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Ovum: ‘Expect a short-term addressable market of 200 mn in rural India’
TT Correspondent |  Mumbai |  06 Nov 2009

Rural India has overtaken the urban class in terms of growth in subscriber base and operators are banking in this market to continue growth momentum. But amidst this shift in focus, it is important to have the right strategies in place as merely replicating the existing strategies will not work in a segment where significant amount of population still find it difficult to meet ends forget about spending on communications.

A new research by Ovum highlights that in wake of low ARPUs and higher costs of providing services to this segment, a totally different approach which also has to be innovative will be required. It may happen that mobile phone in rural areas is treated as a family device rather than a individual terminal.

“Despite a huge rural population and low teledensity, the addressable market in the short to medium term is less than 200 million unique subscribers out of a total population of more than 800 million,’ says Amit Gupta, Principal Analyst, Ovum.

Barriers in rolling out network in such areas include limited electrification, lack of backhaul and poor state of road connectivity making deploying & operating wireless network in rural areas expensive.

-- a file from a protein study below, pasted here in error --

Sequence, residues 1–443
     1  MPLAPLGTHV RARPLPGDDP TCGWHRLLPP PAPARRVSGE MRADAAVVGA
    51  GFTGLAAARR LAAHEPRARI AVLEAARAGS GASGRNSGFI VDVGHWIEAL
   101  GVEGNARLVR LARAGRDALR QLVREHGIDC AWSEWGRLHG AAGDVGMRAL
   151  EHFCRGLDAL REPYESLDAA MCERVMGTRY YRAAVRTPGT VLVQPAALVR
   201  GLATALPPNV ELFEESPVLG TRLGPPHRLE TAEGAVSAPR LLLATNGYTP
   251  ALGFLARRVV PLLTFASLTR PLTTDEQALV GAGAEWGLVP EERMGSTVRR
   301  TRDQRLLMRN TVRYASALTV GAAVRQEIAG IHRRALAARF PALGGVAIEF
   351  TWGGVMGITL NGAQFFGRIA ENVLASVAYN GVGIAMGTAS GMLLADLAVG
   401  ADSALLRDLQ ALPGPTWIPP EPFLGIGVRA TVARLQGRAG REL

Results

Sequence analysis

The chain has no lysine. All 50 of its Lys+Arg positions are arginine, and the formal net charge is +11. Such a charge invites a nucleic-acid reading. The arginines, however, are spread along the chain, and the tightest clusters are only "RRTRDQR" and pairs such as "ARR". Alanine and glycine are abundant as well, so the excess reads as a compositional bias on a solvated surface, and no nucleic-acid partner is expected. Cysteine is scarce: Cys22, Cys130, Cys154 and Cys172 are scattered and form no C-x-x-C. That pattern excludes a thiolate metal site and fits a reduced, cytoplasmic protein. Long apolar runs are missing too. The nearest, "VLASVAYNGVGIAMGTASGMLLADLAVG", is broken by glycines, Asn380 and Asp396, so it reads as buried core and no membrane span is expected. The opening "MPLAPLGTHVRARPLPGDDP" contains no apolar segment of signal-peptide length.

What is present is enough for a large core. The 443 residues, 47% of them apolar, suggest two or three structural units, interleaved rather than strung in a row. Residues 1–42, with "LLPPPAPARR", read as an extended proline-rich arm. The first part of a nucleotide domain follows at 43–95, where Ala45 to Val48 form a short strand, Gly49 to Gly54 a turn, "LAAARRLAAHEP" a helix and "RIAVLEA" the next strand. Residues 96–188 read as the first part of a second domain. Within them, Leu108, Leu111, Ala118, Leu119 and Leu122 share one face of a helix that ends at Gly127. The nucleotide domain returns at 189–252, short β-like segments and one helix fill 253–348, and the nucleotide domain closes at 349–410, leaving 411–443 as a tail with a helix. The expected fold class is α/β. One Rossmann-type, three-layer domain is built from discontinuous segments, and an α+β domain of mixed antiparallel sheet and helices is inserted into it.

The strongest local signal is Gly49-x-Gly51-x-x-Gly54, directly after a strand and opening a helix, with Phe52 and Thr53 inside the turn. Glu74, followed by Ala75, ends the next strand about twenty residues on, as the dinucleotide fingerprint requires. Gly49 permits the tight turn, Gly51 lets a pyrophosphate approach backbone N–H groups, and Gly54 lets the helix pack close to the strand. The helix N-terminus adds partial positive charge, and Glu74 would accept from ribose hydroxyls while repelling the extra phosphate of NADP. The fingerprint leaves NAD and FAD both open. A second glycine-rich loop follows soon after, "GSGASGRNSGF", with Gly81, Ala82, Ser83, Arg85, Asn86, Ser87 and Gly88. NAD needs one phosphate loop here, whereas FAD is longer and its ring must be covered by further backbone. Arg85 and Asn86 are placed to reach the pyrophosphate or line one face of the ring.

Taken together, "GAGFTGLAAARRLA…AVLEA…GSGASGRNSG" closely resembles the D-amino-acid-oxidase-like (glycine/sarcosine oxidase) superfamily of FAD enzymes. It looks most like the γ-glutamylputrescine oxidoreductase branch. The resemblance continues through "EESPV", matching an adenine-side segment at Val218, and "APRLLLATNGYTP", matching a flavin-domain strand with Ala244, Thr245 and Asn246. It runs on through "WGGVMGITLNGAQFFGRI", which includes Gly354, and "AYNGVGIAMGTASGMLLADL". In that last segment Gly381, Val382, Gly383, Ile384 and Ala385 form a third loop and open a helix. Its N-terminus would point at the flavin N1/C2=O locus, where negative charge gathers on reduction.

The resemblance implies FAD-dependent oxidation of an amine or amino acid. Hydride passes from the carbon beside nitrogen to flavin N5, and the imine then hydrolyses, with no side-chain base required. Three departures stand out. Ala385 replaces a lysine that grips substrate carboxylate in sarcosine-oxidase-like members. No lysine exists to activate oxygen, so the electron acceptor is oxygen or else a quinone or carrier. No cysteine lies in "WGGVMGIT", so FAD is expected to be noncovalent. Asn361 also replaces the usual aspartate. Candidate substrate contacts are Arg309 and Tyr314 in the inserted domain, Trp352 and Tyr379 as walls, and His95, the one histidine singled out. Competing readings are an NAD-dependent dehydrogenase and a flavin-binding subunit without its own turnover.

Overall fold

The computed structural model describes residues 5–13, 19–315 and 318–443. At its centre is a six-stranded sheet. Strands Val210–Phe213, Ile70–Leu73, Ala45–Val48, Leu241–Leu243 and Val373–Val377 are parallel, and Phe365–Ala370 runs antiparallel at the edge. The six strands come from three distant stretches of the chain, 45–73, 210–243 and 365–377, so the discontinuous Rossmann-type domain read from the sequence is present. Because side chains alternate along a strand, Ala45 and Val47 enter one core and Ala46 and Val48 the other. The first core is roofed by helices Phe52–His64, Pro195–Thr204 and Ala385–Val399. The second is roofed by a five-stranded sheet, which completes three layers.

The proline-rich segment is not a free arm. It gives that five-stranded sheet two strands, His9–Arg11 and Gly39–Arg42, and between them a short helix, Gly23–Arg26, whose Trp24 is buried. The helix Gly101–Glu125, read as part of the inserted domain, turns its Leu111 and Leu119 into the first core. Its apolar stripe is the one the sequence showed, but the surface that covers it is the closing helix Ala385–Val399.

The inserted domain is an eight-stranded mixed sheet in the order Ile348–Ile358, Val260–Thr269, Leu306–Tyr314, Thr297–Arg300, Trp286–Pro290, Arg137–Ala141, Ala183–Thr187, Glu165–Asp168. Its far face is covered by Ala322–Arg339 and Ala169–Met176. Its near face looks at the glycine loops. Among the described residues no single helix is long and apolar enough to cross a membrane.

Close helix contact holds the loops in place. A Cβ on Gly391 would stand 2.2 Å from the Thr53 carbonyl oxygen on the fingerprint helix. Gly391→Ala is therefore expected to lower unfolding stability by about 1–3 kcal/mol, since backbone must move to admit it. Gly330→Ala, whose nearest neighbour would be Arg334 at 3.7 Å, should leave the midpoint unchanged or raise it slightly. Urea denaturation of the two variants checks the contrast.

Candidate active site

Ovum suggests that mobile service providers need to shift focus from increasing ARPU & penetration to maximizing total revenue and profit from rural subscribers. Ovum feels that such a shift in focus can be brought about by adopting a comprehensive rural strategy comprising service & product innovation and operational excellence, partnering with government, NGOs, non-telecom players which are present in the segment and roping in local entrepreneurs.

“These levers are mutually reinforcing and can help industry players to meet the dual objectives of increasing revenues and reducing costs”, emphasizes Gupta.

“Operators can circumvent the poverty constraints of rural India to a certain extent by forming partnerships with the government and non-telecoms companies to charge them, rather than the poor end customers, for providing mobile services”. “The government and non-telecoms companies get a reliable medium to connect with rural India, and operators get new revenue streams. It’s a win-win solution,” concludes Amit.

    
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06 Nov 2009(IST)  
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